Valued at over $30bn it is by far the healthiest cruise ship orderbook in 18 years. The number is inflated, however, due to the conversion of the mainly euro-contracted prices into a US dollar amount for Seatrade's orderbook listing and some of the order values are estimates as neither the yard or owner has reported the price.
The forward orderbook now stretches into 2021 when Virgin Cruises' third 110,000gt ship, placed with Fincantieri, is due to be delivered.
The 41 ships are being constructed by six builders in Germany, Italy, France, Finland, Croatia and Japan.
Meyer Werft in Papenburg has the largest share of lower berths on order accounting for 32% and 10 ships. Adding the six contracted to Meyer Turku takes the share up to 47% of the lower berths and an orderbook through to 2020.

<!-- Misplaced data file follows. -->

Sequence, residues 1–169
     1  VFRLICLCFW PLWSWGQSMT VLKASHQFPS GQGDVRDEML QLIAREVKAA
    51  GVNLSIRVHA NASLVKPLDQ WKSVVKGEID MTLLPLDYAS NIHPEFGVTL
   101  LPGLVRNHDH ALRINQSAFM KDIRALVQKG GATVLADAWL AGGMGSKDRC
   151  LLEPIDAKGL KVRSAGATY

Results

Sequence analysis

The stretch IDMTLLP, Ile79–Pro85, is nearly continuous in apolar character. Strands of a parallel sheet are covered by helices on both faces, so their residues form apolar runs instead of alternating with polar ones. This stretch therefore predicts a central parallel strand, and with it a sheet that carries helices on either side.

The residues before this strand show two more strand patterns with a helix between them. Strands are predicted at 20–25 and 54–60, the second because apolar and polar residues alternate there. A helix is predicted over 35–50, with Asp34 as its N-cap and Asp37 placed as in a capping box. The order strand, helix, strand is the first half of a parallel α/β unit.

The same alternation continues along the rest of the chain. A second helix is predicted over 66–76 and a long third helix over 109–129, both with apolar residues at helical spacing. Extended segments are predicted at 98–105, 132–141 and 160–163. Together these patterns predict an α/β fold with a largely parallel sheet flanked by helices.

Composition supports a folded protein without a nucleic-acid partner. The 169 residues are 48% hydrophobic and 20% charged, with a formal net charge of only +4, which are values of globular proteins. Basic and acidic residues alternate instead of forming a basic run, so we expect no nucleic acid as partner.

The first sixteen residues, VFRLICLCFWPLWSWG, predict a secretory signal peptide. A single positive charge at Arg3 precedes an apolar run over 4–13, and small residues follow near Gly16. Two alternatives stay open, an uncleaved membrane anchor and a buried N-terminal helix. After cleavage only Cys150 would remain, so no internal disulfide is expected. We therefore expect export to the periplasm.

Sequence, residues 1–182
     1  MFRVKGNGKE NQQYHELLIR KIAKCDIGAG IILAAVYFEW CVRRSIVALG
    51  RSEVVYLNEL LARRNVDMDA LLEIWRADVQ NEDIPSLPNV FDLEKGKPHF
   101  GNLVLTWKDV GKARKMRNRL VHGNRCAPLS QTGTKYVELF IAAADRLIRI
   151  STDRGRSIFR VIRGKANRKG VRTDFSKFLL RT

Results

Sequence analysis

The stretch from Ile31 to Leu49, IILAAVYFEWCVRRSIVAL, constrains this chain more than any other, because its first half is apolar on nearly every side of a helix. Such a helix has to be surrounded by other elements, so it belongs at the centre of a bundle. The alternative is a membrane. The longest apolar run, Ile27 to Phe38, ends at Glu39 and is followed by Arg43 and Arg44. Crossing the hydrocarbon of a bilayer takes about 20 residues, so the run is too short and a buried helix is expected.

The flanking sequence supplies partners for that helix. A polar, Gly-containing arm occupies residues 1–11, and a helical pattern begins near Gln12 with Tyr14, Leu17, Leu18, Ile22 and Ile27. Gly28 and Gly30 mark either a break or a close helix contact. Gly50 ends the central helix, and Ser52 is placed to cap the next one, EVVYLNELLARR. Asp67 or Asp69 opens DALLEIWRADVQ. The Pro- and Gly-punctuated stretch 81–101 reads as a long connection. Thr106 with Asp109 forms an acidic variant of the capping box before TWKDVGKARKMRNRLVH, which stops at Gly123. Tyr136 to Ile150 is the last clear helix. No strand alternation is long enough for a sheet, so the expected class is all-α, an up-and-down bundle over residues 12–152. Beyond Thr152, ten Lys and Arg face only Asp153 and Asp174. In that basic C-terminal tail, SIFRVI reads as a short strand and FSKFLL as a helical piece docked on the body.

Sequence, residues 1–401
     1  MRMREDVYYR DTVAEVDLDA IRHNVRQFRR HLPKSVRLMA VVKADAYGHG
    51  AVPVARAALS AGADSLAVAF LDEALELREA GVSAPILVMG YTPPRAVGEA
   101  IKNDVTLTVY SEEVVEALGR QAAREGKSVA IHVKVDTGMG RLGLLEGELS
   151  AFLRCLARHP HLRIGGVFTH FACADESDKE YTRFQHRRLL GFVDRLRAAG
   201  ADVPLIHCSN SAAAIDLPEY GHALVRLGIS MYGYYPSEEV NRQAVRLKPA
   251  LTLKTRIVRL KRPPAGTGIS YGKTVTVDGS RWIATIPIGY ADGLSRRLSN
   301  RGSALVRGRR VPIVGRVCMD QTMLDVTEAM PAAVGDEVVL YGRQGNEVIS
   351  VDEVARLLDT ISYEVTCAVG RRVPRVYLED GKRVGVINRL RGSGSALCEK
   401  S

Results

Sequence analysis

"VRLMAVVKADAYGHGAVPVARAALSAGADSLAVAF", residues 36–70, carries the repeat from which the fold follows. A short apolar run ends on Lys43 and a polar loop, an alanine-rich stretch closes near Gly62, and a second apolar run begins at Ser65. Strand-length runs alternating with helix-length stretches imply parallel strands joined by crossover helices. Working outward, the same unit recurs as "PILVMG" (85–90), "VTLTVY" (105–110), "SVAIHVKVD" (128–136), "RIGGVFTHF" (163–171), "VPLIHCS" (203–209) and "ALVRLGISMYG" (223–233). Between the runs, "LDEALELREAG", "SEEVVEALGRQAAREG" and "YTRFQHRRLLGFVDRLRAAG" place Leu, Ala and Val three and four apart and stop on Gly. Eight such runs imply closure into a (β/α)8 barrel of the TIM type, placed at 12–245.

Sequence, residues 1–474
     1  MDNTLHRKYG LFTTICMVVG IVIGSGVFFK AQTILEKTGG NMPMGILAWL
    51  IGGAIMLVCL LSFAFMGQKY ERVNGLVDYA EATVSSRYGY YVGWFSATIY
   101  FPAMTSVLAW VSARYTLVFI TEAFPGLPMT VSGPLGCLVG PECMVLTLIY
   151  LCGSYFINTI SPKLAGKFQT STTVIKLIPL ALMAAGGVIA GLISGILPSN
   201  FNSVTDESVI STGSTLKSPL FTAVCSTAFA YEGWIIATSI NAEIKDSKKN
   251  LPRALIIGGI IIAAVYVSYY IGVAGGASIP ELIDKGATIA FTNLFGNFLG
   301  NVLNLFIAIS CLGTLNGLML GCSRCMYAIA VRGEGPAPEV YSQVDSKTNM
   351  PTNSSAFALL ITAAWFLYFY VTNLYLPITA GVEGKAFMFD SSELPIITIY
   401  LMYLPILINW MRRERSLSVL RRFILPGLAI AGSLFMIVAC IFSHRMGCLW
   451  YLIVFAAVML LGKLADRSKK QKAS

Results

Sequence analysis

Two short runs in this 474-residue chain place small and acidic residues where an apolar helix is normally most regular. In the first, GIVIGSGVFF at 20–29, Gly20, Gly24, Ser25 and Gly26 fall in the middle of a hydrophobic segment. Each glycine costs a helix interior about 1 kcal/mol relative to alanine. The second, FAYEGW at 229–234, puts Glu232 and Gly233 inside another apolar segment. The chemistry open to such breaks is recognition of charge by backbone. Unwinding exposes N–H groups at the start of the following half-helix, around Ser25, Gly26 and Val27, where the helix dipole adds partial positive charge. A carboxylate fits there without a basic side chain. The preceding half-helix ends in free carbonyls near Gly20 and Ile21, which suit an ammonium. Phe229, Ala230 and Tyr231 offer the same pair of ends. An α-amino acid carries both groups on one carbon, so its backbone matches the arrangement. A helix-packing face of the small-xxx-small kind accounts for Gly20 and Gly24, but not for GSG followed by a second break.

Fincantieri also has 16 ships on order, accounting for over 37,000 lower berths, and a 29% share. The five additional ships secured by the Italian builder through 2022 were part of the nine-ship MOU signed with Carnival Corp earlier this year split between Fincantieri and Meyer.
STX France in St Nazaire is building 25,600 lower berths on six ships and has a 19% share of the orderbook.
Some 5% of the lower berths are under construction at Mitsubishi Heavy Industries in Japan which is building two vessels for AIDA Cruises and at Brodosplit which secured an order for a 300-passenger, five-masted, square-rigged barque from Star Clippers.
The 41 ships are allocated across 17 brands with Carnival Corp accounting for 13, Royal Caribbean/TUI 10, Norwegian Cruise Line and MSC four apiece, Virgin Cruises 3, Viking and Star Cruises two each and one ship apiece for Regent, Star Clippers and Silversea.
There could be more firm orders before the year is through with Genting Hong Kong having stated its intention to build for Crystal Cruises for delivery by 2018 plus the agreement among Carnival Corp., Fincantieri and China State Shipbuilding to possibly develop newbuilds for the China market, although no details are available.